Microlearning is a concept that has been well recognized in the training and IT fields, but has yet to become a highly adopted practice in education. That said, microlearning has been steadily gaining attention in higher education due to the number of benefits it offers learners. In fact, one research study found that the use of microlearning objects increased learning and retention of course material by 18% (Mohammed, Wakil, Nawroly, 2018).
Feedback on student work is typically, and traditionally, one-way communication from the instructor to the student. But what if, with a focus on reflective practice, you were to provide some space for interactive exchanges? What if you were to promote reflection and metacognition in order to help students help themselves?
Kaltura is a cloud-based, enterprise-level multimedia platform for storing, streaming, creating and publishing video, video collections, and other media. While all of that’s useful for the work we do, it’s not what makes Kaltura a powerful tool for teaching and learning. Kaltura’s power lies within its Video Quiz feature, which allows you to use video to create active and engaging experiences for students right in Canvas.
The Dutton e-Education Institute recently hosted its first Speed Dating with Learning Technologies event. This was an opportunity for faculty to get quick and easy introductions to technologies that can be used to enhance teaching in face-to-face, hybrid, and online courses. The event featured the following technologies:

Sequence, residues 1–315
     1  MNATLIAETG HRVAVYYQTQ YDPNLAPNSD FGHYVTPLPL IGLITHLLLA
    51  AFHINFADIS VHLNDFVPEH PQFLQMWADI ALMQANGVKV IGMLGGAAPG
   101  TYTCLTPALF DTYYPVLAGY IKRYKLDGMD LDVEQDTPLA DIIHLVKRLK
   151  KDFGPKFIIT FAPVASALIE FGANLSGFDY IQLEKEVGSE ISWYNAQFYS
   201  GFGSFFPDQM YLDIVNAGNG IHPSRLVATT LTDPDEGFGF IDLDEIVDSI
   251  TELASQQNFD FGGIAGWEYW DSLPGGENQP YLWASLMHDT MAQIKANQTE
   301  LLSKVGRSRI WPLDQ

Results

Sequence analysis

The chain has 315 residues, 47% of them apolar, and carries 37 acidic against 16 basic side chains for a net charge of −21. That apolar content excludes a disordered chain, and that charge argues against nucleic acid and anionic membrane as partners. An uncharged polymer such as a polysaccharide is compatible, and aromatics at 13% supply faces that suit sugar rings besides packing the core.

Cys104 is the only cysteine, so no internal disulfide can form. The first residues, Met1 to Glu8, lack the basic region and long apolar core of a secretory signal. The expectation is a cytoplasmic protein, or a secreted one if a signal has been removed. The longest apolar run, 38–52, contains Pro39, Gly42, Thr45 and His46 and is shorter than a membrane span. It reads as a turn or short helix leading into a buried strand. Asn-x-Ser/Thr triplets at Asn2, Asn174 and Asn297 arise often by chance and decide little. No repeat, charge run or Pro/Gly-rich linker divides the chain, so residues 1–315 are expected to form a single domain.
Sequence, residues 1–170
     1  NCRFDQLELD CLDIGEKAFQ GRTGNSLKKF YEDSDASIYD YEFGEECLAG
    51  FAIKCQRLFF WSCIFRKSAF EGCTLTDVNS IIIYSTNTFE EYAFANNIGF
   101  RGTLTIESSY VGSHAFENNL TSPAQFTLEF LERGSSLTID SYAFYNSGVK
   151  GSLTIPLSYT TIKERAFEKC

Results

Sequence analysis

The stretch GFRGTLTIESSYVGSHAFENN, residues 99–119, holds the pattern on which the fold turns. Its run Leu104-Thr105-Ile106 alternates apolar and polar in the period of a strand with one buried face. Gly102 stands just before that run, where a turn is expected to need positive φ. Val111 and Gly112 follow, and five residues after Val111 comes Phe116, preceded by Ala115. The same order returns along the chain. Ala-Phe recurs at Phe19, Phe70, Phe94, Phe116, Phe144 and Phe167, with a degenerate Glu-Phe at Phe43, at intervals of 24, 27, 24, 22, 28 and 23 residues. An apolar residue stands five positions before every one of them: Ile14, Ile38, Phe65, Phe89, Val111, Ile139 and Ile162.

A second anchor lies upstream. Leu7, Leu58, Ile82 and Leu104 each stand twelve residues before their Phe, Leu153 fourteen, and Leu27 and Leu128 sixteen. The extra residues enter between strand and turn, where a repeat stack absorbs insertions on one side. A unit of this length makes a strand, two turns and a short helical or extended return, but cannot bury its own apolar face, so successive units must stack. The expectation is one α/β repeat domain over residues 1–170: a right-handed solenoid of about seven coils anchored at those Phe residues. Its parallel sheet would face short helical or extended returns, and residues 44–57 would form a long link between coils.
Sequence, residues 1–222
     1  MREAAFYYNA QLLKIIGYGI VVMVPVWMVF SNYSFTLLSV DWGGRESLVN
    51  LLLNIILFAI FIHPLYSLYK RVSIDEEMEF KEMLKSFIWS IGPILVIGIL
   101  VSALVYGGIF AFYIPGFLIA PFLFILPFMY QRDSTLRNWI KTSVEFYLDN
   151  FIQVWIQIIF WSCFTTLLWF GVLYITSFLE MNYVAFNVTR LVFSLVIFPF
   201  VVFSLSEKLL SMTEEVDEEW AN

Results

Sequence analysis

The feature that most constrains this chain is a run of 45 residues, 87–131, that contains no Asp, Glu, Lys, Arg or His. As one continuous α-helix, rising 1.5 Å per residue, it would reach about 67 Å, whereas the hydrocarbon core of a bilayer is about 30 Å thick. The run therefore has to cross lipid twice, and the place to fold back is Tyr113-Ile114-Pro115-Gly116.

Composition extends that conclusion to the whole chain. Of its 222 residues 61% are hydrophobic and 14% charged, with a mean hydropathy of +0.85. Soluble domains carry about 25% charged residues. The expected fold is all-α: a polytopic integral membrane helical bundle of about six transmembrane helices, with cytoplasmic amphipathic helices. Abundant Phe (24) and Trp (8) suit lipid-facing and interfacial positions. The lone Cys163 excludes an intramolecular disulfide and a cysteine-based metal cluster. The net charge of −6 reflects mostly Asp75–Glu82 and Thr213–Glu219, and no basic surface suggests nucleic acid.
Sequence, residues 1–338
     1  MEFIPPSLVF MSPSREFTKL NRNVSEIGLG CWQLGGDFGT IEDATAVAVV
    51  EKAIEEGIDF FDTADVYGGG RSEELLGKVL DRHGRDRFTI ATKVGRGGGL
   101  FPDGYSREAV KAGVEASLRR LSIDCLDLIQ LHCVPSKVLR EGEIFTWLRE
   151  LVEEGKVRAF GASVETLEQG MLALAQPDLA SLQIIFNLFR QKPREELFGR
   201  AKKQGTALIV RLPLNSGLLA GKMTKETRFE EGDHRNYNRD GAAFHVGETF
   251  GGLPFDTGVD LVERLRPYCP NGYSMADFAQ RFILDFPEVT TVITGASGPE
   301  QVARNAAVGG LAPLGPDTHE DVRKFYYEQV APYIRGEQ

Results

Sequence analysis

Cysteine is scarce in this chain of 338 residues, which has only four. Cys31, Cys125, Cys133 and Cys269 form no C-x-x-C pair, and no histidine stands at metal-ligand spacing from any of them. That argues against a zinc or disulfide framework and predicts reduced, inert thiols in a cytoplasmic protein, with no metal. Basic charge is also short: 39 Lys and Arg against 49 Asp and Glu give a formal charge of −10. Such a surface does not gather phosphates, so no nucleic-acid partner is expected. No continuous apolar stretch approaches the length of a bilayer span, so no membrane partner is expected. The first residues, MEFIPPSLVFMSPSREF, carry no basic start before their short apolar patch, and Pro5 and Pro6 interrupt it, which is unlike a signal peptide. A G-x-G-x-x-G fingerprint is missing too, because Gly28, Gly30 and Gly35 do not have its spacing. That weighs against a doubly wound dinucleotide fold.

Here are some highlights of the tool:
To ensure that learning is engaging, find teaching methods that provide opportunities for students that are authentic, are inquiry-based, leave room for collaboration, and leverage technology to help students have the best experience. (Cambridge Handbook of the Learning Sciences, 2014). The strategies listed here are all ways to add engagement in a student-centered manner. All of these options are examples of active learning.
Do you find yourself explaining the same thing over and over? Try recording on a lightboard. A lightboard is a clear piece of glass that faculty write on while facing the camera. Students can see both your face and the diagrams and equations you are showing them. People often ask, “Do you need to write backwards?” Nope, the image is flipped electronically.
At Penn State, we talk about the “All In” initiative ~ a commitment to diversity and inclusion in all areas of the University. This includes our online classrooms. Here are some ways to use language to create diverse and inclusive classroom environments for all students.
P.S. These tips are good for traditional face-to-face classrooms as well!